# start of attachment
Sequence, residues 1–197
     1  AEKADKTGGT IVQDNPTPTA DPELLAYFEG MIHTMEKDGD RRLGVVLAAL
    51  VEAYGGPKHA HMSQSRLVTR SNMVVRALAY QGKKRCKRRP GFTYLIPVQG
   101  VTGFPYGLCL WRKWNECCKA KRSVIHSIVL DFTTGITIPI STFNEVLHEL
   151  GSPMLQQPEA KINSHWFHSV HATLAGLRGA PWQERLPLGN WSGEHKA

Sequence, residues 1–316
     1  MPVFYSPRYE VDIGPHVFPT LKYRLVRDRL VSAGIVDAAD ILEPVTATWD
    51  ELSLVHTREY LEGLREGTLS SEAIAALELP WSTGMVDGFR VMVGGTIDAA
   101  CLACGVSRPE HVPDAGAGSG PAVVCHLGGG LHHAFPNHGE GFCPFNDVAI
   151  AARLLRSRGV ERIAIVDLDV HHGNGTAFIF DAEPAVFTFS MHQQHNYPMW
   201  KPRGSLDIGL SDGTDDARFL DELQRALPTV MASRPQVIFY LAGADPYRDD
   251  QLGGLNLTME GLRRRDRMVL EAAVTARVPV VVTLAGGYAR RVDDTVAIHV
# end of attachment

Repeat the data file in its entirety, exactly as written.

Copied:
Sequence, residues 1–197
     1  AEKADKTGGT IVQDNPTPTA DPELLAYFEG MIHTMEKDGD RRLGVVLAAL
    51  VEAYGGPKHA HMSQSRLVTR SNMVVRALAY QGKKRCKRRP GFTYLIPVQG
   101  VTGFPYGLCL WRKWNECCKA KRSVIHSIVL DFTTGITIPI STFNEVLHEL
   151  GSPMLQQPEA KINSHWFHSV HATLAGLRGA PWQERLPLGN WSGEHKA

Sequence, residues 1–316
     1  MPVFYSPRYE VDIGPHVFPT LKYRLVRDRL VSAGIVDAAD ILEPVTATWD
    51  ELSLVHTREY LEGLREGTLS SEAIAALELP WSTGMVDGFR VMVGGTIDAA
   101  CLACGVSRPE HVPDAGAGSG PAVVCHLGGG LHHAFPNHGE GFCPFNDVAI
   151  AARLLRSRGV ERIAIVDLDV HHGNGTAFIF DAEPAVFTFS MHQQHNYPMW
   201  KPRGSLDIGL SDGTDDARFL DELQRALPTV MASRPQVIFY LAGADPYRDD
   251  QLGGLNLTME GLRRRDRMVL EAAVTARVPV VVTLAGGYAR RVDDTVAIHV